Designing the Life You Love
When was the last time you stopped what you were doing and really thought about where your life was going? Or maybe even better, where you want it to go next? That’s the idea behind Alyse Birsel’s Design the Life You Love. It’s a recipe with not just ingredients like paper and pencil but also things like “your life, some of your heroes, mentors and other things that inspire you, optimism and playfulness, a cup of coffee or tea and some music.”
Birsel challenges us to break down our life into manageable pieces and then asks us to expand those out until we have a visual map of our life. Then, she wants us to think about a metaphor for our current life like a circus or a beehive. (In her case, she used scuba-diving). On a separate page, we’re asked to write down our everyday heroes. “As you imagine the life you love, they will inspire you about what you desire and aspire to,” she says.
Now to shift our current point of view to our desired one, we use the metaphor we’ve thought up to describe our new, desired life.
“In design, one usually uses tools to intentionally shift a current POV to a new and desired POV to solve problems. Most of us do this intuitively in our life. We turn a negative into a positive (constraints into opportunities). We take something we learn in one area and apply it somewhere else (cross fertilization). We shift hierarchies. We put ourselves into someone else’s shoes (empathize), we combine two things to have our cake and eat it too (dichotomy resolution). We are jolted into a new perspective by life’s events like 9/11, the economy, or the birth of a child (catalyst events). Think about the times when you found yourself shifting your point of view on something. You probably used some of the above tools already.”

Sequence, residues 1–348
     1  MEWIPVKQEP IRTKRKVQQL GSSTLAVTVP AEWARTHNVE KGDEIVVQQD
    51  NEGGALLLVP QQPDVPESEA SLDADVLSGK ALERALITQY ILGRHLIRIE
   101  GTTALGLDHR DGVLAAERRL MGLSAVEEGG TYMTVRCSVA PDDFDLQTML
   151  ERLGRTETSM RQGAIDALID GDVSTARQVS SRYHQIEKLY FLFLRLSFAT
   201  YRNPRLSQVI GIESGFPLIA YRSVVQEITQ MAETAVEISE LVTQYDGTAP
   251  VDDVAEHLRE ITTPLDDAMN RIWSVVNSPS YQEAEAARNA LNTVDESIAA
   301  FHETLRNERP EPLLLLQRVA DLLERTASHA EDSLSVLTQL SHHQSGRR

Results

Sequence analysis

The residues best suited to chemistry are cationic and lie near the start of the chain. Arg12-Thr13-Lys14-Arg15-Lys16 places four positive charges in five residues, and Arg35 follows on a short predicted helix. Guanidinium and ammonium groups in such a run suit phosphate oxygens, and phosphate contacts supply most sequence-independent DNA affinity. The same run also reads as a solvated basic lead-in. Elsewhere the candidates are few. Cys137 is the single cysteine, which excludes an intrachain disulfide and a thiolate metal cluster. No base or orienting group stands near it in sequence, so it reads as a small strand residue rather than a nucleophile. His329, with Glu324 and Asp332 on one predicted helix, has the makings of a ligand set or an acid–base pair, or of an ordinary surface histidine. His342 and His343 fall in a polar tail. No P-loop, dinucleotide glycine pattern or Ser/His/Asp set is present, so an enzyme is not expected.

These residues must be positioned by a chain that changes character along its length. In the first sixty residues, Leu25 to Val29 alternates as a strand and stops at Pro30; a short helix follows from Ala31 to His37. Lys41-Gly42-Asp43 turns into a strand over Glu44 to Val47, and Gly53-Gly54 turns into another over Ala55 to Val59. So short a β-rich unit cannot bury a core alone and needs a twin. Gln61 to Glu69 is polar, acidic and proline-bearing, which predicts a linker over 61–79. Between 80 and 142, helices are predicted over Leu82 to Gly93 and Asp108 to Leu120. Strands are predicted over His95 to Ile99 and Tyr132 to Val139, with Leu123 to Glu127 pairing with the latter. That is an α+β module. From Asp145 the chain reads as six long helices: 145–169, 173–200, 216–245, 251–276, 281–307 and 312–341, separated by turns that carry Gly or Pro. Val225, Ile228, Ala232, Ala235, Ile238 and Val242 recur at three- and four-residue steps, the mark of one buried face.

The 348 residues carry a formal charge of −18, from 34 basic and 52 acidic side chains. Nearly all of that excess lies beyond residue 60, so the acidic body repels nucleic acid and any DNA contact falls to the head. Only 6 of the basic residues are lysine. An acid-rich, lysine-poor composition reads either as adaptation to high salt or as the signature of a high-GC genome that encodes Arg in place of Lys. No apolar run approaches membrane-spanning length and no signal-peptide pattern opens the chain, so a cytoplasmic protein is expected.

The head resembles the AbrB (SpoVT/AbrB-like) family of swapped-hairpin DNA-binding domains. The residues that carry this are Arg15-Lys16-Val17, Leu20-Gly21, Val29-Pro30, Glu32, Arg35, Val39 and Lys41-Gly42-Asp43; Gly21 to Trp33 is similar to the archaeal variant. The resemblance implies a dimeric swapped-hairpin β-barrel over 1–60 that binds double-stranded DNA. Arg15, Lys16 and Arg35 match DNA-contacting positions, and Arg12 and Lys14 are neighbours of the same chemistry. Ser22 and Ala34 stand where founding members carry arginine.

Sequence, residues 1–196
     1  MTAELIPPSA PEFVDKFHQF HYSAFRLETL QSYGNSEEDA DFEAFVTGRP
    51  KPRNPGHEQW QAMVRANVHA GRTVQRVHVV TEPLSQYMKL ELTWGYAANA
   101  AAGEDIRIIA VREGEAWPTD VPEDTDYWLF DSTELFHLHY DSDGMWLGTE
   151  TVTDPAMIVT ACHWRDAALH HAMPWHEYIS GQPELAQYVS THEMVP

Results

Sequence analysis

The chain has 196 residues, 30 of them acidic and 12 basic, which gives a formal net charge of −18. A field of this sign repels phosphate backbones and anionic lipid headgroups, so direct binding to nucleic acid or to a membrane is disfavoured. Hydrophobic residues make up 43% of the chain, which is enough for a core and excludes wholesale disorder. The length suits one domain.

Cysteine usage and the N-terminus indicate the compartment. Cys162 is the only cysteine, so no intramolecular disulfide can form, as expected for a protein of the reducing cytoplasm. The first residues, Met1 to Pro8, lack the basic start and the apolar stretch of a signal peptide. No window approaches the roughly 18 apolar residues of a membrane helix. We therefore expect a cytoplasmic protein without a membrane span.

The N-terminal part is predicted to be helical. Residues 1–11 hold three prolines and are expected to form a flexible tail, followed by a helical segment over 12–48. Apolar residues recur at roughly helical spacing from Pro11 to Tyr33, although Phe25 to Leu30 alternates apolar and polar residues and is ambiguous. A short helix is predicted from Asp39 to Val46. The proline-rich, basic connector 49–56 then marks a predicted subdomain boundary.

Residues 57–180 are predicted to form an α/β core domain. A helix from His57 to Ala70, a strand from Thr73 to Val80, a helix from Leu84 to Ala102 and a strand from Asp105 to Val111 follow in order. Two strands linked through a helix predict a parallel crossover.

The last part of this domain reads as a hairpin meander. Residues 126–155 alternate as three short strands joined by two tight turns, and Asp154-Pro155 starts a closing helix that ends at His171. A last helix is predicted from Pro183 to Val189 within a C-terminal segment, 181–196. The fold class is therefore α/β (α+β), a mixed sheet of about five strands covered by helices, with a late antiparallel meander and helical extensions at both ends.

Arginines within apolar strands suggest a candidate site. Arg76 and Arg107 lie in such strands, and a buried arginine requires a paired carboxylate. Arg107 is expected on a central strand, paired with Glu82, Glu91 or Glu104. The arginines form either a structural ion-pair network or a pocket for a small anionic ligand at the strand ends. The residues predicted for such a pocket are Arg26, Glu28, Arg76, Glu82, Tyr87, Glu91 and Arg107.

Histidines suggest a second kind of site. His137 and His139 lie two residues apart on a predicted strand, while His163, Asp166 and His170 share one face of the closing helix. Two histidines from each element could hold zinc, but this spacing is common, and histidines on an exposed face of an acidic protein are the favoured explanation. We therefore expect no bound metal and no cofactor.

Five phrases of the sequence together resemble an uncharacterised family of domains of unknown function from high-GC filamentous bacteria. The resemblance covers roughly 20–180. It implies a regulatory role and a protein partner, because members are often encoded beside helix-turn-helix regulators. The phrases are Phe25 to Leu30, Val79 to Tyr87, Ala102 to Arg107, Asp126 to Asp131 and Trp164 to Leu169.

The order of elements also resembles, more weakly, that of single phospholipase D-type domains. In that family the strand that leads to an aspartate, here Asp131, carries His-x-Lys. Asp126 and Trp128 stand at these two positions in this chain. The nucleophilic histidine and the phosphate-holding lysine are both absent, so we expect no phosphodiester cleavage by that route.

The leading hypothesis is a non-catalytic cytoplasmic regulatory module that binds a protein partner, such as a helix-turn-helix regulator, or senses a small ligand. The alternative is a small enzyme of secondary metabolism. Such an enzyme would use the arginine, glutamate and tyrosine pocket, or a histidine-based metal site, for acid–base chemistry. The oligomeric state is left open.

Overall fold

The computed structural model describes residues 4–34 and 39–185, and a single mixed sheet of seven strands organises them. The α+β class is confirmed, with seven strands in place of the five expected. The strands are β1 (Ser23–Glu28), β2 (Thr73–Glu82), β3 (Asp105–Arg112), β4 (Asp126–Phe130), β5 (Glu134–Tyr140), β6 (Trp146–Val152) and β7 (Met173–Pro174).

Taking that metaphor, we find the focus. We find the center of our life, what supports it and what completes it. Then, make this chart several time using different centers. “Now you express your favorite design,” she says. “Choose one chart among the different variations that describes the life you love most, the life you aspire to. Write a few sentences describing it. And do a little drawing, even if with stick figures. Each one will tell you something a little bit different about the life you are imagining. You have just expressed your design in three ways: mapping, writing and drawing. You can either put this design in an envelope to be opened in a year or two. Or you can start prototyping the life you love, starting today!”
If you’re a little lost (I don’t blame you), you can read about the whole “recipe” on this website. Also, check out this article on FastCo Design. It’s a thought-provoking autobiographical essay on living a designed life by Stefan Boublil.